|Skooch if you just went and killed all those folks who won't be hurt by a tax increase you could get it all. Then lots of problems would be solved. THUGS and MORONS! And you and your kind are so corrupt and evil you can't even see it. It's like talking to the deaf.|
Posted: 7/27/2010 9:32:39 PM
|Just like in California, you over regulate and over tax those who create opportunity and jobs.... They'll just take it somewhere else.|
Same as all Americans, they will find somewhere else to put their business and wealth, and the government will lose out on getting any taxes.
Those that do keep their wealth here, will either get rid of people, or at the very least not hire new people.
I find it funny how people want to think that the 1%, 10% 20% what ever the percentage that will git hit with these crazy taxes, that they are just people who sit around and count their money. People live within their means, the more they make the more they risk, the less they make the less they will risk.
A guy looks at someone who owns a company, driving a Mercedes, as just some guy who is a fat cat and greedy, but they don't even consider that guys overhead, The lease or payment on his building (Business), His payroll, and other costs, his larger house... with his larger house payment, his larger electric bills... I think you get the picture.
Higher taxes will effect a guy making 300K a year as much as someone who make 40K a year. Taking 5K out of his pocket might be worse that taking 5 bucks out of yours. He may need to take 100 bucks out of the pockets of all his employees.
But if you never ran a business, you would never get this. I really believe that some think that people who make all this money just lay around in bed swimming in their cash.
Look at an athlete, do you think if he gets a multi million dollar contract, that he is going to continue living in his one bedroom apartment? And even though he may have an agent, and accountant, a lawyer, and perhaps a few other employees, he is not that guy who shows a 500K income on his books, but has a business full of employees counting on him.
Posted: 7/27/2010 9:58:46 PM
|Yeah Jack, California is still the richest economy in this nation. I don't look at the wealthy as the evil that you think I do. I do know they will use their wealth and greed to buy politicians. That, my friend, is corruption. So, if they have to pay a simple tax in the sale of their mansion, so be it. No country has ever functioned without taxes.|
Posted: 7/27/2010 10:36:49 PM
|Sure, a corporation may have money to lobby.... But you can't buy that, that can not be bought.|
And if you want to talk about lobbying and buying politicians.... Look no further than Unions. There is where you will find corruption, But the fact that corporations and unions, and special interests groups can guy a politician.... I suppose, there lies the corruption.... Washington.
Posted: 7/28/2010 1:23:02 PM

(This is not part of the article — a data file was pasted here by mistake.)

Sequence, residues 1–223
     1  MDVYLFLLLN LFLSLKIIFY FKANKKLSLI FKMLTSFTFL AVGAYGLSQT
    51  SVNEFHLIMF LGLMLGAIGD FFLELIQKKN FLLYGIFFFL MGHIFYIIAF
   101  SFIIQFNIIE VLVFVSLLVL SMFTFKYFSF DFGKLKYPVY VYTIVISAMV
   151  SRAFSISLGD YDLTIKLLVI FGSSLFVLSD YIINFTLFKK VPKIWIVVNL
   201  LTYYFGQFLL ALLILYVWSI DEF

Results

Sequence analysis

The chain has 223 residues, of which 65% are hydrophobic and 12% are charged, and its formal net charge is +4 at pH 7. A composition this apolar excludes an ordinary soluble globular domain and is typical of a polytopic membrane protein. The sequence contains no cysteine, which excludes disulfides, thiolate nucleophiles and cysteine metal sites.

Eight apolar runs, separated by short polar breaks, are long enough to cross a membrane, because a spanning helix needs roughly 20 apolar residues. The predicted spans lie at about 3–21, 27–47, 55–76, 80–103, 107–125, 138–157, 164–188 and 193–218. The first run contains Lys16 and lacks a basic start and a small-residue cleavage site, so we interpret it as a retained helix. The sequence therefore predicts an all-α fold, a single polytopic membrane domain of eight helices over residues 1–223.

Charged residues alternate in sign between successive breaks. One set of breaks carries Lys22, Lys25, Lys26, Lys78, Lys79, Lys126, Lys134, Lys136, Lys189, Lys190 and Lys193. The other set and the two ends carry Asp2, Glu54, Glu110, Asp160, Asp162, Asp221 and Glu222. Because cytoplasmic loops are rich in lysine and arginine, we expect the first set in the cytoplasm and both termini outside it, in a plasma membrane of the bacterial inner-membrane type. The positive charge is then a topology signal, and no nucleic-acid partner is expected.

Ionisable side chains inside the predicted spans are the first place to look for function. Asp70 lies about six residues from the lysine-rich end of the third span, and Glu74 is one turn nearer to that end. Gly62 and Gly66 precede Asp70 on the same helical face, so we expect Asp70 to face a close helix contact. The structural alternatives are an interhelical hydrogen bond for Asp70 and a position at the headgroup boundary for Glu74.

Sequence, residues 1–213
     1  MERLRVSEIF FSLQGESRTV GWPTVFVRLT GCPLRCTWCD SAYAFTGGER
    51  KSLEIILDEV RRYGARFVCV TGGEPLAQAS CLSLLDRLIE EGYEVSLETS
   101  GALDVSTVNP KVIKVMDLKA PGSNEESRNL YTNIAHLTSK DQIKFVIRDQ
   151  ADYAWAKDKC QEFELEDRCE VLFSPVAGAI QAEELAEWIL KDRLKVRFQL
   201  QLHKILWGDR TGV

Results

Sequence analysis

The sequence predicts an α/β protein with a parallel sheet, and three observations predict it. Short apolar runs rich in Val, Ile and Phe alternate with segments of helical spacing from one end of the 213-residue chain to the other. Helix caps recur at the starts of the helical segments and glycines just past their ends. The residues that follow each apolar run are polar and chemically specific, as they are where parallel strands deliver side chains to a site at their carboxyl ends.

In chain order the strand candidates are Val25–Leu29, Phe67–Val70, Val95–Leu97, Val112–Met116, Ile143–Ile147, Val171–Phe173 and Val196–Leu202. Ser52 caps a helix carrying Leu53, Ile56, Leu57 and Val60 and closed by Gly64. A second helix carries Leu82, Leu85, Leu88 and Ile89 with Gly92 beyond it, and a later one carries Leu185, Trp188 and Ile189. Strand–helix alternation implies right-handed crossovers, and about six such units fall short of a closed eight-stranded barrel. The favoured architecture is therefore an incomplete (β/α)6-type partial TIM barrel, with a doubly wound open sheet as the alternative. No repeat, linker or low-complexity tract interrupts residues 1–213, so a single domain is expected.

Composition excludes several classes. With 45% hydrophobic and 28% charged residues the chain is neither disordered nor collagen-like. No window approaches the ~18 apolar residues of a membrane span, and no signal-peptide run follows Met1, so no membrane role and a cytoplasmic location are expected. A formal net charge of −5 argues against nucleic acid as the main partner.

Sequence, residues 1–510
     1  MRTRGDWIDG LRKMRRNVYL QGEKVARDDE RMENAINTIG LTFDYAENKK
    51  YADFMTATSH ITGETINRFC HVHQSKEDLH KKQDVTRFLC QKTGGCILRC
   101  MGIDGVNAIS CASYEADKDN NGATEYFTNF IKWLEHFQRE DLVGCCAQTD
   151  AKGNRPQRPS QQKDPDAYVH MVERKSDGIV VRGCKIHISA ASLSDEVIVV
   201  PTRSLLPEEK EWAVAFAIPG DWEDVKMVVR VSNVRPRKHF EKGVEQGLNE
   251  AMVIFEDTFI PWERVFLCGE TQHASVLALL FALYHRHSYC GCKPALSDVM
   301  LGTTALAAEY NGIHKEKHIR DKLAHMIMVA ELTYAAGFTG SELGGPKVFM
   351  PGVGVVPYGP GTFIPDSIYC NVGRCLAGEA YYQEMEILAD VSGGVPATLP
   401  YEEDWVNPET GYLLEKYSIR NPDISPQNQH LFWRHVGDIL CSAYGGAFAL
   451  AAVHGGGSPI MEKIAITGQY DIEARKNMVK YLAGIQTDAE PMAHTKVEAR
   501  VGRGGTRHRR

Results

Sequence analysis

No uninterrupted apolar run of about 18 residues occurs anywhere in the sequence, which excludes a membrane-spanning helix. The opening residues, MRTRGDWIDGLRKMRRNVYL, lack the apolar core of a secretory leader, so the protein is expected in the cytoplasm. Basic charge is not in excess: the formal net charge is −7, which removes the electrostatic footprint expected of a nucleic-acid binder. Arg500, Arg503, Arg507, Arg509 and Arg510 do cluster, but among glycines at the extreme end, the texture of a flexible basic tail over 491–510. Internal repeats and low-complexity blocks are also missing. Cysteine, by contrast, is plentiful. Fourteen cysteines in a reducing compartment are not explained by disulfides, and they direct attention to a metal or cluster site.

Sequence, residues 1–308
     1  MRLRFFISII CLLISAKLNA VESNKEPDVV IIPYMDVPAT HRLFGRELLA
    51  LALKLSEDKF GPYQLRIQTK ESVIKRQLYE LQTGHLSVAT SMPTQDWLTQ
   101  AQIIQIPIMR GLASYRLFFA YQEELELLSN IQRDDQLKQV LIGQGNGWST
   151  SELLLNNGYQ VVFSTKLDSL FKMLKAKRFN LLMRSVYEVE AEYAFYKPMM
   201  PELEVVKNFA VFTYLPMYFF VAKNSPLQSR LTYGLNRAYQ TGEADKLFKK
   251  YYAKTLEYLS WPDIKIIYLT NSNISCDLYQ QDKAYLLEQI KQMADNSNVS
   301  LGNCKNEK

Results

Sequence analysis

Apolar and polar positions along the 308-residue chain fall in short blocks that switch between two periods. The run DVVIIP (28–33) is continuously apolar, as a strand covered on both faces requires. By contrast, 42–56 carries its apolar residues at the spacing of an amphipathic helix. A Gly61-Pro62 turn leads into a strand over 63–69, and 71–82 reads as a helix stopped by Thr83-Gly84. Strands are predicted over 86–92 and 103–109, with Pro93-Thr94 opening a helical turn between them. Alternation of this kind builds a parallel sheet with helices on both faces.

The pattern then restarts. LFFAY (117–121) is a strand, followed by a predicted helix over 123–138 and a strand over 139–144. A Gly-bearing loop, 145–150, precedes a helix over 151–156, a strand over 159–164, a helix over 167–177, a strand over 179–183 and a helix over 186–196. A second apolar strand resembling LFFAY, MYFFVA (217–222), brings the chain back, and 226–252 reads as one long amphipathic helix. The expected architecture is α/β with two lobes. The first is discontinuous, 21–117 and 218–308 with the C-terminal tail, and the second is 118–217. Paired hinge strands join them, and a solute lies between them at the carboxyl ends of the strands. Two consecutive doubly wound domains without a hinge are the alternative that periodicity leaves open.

Skooch if you just went and killed all those folks who won't be hurt by a tax increase you could get it all.
You're getting dumber everyday. I think it's funny that you can't come up with anything intelligent to say, so you say the most off the wall, moronic stuff. If you can't debate, then just sit there and shut up. How does the quote go: Better to sit there and let them think you're an idiot than it is to open your mouth and prove them right. You keep proving me right everyday.
Posted: 7/28/2010 2:26:02 PM
|Skooch in the 3 largest tyrannies of the 20th century this is exactly what happened (Hitler with the Jews, Stalin with the landowner peasants, Mao with the business class). It was simply easier and more efficient to exterminate them than attempt to manage them. This is historically a slam dunk. 50 years ago the survivors of the Holacaust used to argue "it could/couldn't happen here'. Of course American born types thought they were quite "out there". Now I see it is just a matter of time. The promises made cannot be kept. The citizenry is stupid, dependent, and believes someone in the government cares for them (no offense). do you imagine your class would not kill to survive? of course they would, they steal daily from the productive members of society and one can see all forms of footage where union slugs, black panther slugs, and Dem slugs (redundant lol) threaten people they disagree with with violence. It's just a spark away.|
Posted: 7/28/2010 5:06:32 PM
|Are you saying you foresee the government exterminating those who disagree with them? Who's feeding you full of this crap? Your party is represented in Congress also. There is no way that a mass extermination is going to happen with the checks and balance system. But, if you want to live in that fear, then let me say that your tyranny is your delusions. That is as far fetched as possible in a democracy, which you failed to recognize while you were going on about Hitler, Stalin and Mao. You mentioned redundancy, bringing up those leaders in half of your posts is getting redundant.|
Posted: 7/28/2010 5:23:30 PM
|I think you've missed several points the posters to these boards have made for you and the other lefties to the point of boredom for us with functioning minds. Obamao doesn't follow rules or believe in checks and balances. We point out these exceptions daily. We point out the lies the left is willing to tell to get what they want. This makes our critique of previous dullard lefty presidents pale, this one does not believe in law, only power.|
Posted: 7/29/2010 2:24:53 AM